Fight for Fantasy: A philosophical duty to go above and beyond the ‘usual’


Our interview with Dylan Farrell of Dylan Farrell Design.



In the lead up to Dylan’s much-anticipated, sold out Masterclass on 1st May, we ask him some questions to find out a bit about his background, and specifically the experiences that have contributed to the incredible creative knowledge he possesses.


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TDC : Thanks for speaking to us today Dylan. Your Masterclass on the 1st May has generated a bit of a stir across the east coast of Australia! We have designers flying in from different states, eager to learn about your sources of inspiration and design process.


Having only started your own business in 2016, it may seem to many that you have had a meteoric rise to fame, though we know there have been many years of hard work to get you to where you are now. How have all the lessons from your past work lives come together to inform Dylan Farrell Design today?


DF: It’s a pleasure to be a part of TDC’c mission — glad to be useful.


I confess that I continue to be surprised that anyone notices what we do. Sincerely, when one is consumed by what they do, it is bizarre to look up and notice that people are actually taking note of the results. There is a point in this realization — one of the most important secrets to our success is to never depend too much on what others think. If we believe in what we are doing, visualize the goal, and unceasingly focus on the path, it will connect... and people will take notice of the momentum. Style is about self confidence, not self reassurance.


I do not think that our work is on trend — which sometimes worries me when I see other designers with 250k followers on IG. But I have learned that this is definitively not a popularity contest. We do not want the most fans; rather we want the right associates and collaborators — ones who are aligned with our philosophies and mission, and therefore are enthusiastic and trusting.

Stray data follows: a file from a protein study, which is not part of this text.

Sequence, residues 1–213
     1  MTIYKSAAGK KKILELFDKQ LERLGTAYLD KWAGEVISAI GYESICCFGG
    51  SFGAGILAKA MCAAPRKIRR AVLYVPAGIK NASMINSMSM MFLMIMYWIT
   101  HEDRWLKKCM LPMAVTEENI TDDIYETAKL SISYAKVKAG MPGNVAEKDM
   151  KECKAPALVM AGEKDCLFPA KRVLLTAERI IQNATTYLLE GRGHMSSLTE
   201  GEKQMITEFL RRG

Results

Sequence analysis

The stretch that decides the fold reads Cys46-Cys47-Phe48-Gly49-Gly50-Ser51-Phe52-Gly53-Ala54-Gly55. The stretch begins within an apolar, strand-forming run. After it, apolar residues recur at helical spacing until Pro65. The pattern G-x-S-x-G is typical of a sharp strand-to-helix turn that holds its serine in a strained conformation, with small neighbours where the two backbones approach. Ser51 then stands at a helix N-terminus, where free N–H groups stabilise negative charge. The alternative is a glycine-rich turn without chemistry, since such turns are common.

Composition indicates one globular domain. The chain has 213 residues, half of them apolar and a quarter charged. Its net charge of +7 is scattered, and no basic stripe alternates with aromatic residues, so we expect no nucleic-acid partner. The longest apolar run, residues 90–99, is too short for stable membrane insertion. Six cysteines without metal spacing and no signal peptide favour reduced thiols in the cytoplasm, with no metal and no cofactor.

We are not selling Coca-Cola or boy-band singles... we are selling highly customized one-off experiences to discerning collaborators. So it would really worry me if the entire world agreed with our vision. I have to regularly remind myself of this, living in a world that is geared to convince anyone left-of-centre that anything which is not all-appreciated is somehow deficient.





TDC: The intriguing title for your class, “Fight for Fantasy”, has us asking lots of questions. How do you incorporate fantasy into your designs, and what’s the fight about?


DF: Anyone who has an opportunity to play a notable role in the type of design we practice — whether it be a client, designer, fabricator, or builder — I believe has a philosophical duty to go above and beyond the ‘usual’. This does not mean that we need to go crazy or be ‘over the top’, but there should be a striving for something more than just another typical fit-out with a coat of wacky paint. This type of creative innovation requires that we work from a perspective of “fantasy”, so that we might create something that is actually ‘fantastic’.


Look, even modestly budgeted design projects in Sydney and Melbourne are worlds more expensive than what most people in the world will ever have a chance to access — and for this we are tremendously blessed. With this blessing comes a duty — to work hard to create something that inspires the users... to be better... be happier... more excited. Otherwise those bricks, mortar, and resources are better utilized for public institutions, healthcare, education, or other more impactful social activities.